Palestinian unity government remains unlikely

Graffiti reading in Arabic ”Division” in Gaza

Conciliatory moves an­nounced by the Palestin­ian movement Hamas to­wards its rival Fatah will not be enough to bring an end to the differences between the two sides, let alone form a unity government, observers noted.
Hamas said it was disbanding a committee that was formed to gov­ern Gaza and expressed readiness to hand over all government functions to Fatah. It also agreed to have elec­tions in Gaza, which it controls, and in the Israeli-occupied West Bank, which is governed by Palestinian Authority President Mahmoud Ab­bas.
“We have taken practical steps on the ground. The administrative committee no longer functions in Gaza and we are ready, starting now, to welcome the government of national consensus,” Hamas official Ismail Haniyeh said.
Abbas, who was attending a UN General Assembly meeting, spoke by phone with Haniyeh for the first time in nearly a year, cautiously welcoming Hamas’s rapprochement bid without making any commit­ments. Palestinian Prime Minister Rami Hamdallah is to visit Gaza for talks with Hamas officials.
The announcement came follow­ing Haniyeh’s return from Cairo, where Egyptian authorities hosted mediation efforts to bring the two Palestinian sides together.
Hamas came under pressure after Abbas announced 30% salary cuts for approximately 60,000 civil serv­ants in Gaza who are on the payroll of the Palestinian Authority. Abbas also stopped paying for Israeli elec­tricity deliveries to Gaza, leaving the strip with only a few hours of electricity a day.
“When Hamas said it will dissolve the administrative committee, it threw the ball into the Palestinian Authority’s yard, in the sense that they have acquiesced to their de­mands, so now what will the PA do for Hamas? It’s a tit for tat, a barter,” Abdulsattar Qassem, a political sci­ence professor at the an-Najah Uni­versity in Nablus, told Al Jazeera.
Unemployment is more than 40% in Gaza and a blockade imposed on it has left the economy in tatters. Israel and Egypt have shut their borders during most of the year, leaving thousands of people — out of a population of almost 2 million — unable to travel abroad for work or medical treatment.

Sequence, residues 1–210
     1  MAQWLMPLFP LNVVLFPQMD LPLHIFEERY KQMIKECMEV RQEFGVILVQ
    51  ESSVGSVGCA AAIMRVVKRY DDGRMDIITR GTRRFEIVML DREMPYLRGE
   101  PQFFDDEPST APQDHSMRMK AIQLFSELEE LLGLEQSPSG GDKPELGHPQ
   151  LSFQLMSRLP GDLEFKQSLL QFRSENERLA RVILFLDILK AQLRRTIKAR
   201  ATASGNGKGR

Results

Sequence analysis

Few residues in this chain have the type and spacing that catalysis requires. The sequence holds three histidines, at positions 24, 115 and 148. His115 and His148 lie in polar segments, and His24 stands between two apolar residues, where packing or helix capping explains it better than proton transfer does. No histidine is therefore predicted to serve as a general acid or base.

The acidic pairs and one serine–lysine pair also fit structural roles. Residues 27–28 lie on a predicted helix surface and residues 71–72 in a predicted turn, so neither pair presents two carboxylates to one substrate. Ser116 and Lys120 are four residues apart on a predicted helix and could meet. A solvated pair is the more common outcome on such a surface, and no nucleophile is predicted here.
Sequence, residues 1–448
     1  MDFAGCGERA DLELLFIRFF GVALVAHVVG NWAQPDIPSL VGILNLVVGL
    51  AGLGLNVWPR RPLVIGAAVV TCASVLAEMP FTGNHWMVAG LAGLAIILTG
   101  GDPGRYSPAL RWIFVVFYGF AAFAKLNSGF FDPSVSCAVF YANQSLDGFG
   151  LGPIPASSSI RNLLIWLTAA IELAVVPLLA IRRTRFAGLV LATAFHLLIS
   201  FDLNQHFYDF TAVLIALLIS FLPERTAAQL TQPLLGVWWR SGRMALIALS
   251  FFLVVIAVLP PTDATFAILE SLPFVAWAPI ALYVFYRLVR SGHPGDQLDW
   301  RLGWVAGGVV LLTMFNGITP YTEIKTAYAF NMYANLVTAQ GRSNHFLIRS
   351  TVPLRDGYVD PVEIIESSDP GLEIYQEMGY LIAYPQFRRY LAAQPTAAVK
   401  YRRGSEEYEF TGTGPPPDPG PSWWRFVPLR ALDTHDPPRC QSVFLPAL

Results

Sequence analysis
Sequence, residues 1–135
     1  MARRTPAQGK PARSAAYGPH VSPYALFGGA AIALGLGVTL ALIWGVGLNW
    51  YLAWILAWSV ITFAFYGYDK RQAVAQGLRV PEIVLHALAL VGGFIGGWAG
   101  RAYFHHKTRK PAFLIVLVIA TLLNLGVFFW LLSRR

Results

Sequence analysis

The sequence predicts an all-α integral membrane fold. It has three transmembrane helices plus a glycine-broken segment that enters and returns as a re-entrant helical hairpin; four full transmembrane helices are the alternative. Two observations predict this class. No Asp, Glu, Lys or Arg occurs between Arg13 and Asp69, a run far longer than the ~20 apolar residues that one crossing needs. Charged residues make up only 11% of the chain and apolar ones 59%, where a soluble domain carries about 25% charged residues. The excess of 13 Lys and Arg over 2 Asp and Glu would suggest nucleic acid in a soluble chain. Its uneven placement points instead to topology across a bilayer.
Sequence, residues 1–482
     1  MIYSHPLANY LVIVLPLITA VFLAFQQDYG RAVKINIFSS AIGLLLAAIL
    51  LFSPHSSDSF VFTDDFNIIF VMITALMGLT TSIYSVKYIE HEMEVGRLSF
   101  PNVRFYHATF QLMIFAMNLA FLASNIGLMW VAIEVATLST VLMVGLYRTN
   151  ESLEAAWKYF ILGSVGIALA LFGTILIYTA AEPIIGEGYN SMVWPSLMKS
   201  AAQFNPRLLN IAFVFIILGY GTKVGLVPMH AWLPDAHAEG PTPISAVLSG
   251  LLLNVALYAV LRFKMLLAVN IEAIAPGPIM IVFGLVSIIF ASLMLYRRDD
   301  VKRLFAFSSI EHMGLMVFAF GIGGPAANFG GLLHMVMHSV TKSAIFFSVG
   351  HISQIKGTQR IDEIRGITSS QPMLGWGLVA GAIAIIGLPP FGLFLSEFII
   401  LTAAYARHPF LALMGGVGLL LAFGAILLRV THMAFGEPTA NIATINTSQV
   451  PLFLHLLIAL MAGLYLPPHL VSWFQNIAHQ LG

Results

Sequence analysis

“I have the impression that the general population, at least in the Gaza Strip, is really exhausted. Something has to happen and that’s why I’m slightly optimistic,” Bettina Marx, director of the Heinrich Böll Foundation in Ramallah, told the German website DW.
The move, however, was not ex­pected to bring about a genuine push for reconciliation.
“Far from catapulting the Pales­tinians towards a hopeful new fu­ture, the most immediate result of the Hamas gambit may amount to little more than turning back the clock — and only to the beginning of the year,” David M. Halbfinger wrote in the New York Times.
“Actual reconciliation that could give new impetus to the peace pro­cess would require a motivated Pal­estinian Authority, a seismic shift by Hamas, and the forbearance of both Israel and the United States — none of which is clearly yet in evidence, and some of which seems as likely as an early Gaza frost,” he added.
The two Palestinian sides do not appear ready to put aside party poli­tics for the sake of national unity.
“Substantial lasting and positive developments can be only realised through an inclusive and participa­tory political process that neither Fatah nor Hamas are interested in pursuing,” Alaa Tartir, programme director at the Al-Shabaka Palestin­ian think-tank, told Al Jazeera.
Palestinians in the Gaza Strip and the West Bank are likely to remain doubtful of the possibility of a gen­uine reconciliation as there appears to be no middle ground to agree on.
“It’s all cosmetic at this point. Neither side will be able to bridge the ideological divide or forget their blood-soaked history anytime soon. If actual unity was possible, the two Palestinian factions would have likely found the formula in their previous agreements: Mecca in 2007, Sana’a in 2008, Cairo in 2011, Doha in 2012, Cairo again in 2012, and the Shati refugee camp in 2014,” wrote Grant Rumley in the Atlantic.
“The reality is that Hamas is un­likely to ever truly give up its mili­tary control over Gaza. The faction wants Abbas to pay for the costs of governing. Abbas wants total ac­quiescence and disarmament. Ul­timately, there’s no middle ground here,” added Grant.
Security coordination remains the thorniest issue between the two Palestinian rivals.
“Over the past few years, when this file was put forward during advanced negotiations Hamas re­quired the simultaneous exchange of security arrangements,” wrote Kifah Ziboun in Asharq al-Awsat.
“In practical terms, Hamas ele­ments cannot work in the West Bank security services. Fatah mem­bers cannot work in Hamas-run se­curity services in Gaza because of the political, security and partisan complexities,” wrote Ziboun.
There is also the objection of Isra­el and the United States to consider.
“Hamas is considered a terrorist organisation by the US, which may, as it did in 2006, slash funding to the PA should the Islamists join a Palestinian government,” wrote Or­lando Crowcroft in Newsweek.
“The inclusion of Hamas at any senior level within a Palestinian negotiation team would likely be resisted by Israel — let alone by the US.”
This article was originally published in The Arab Weekly.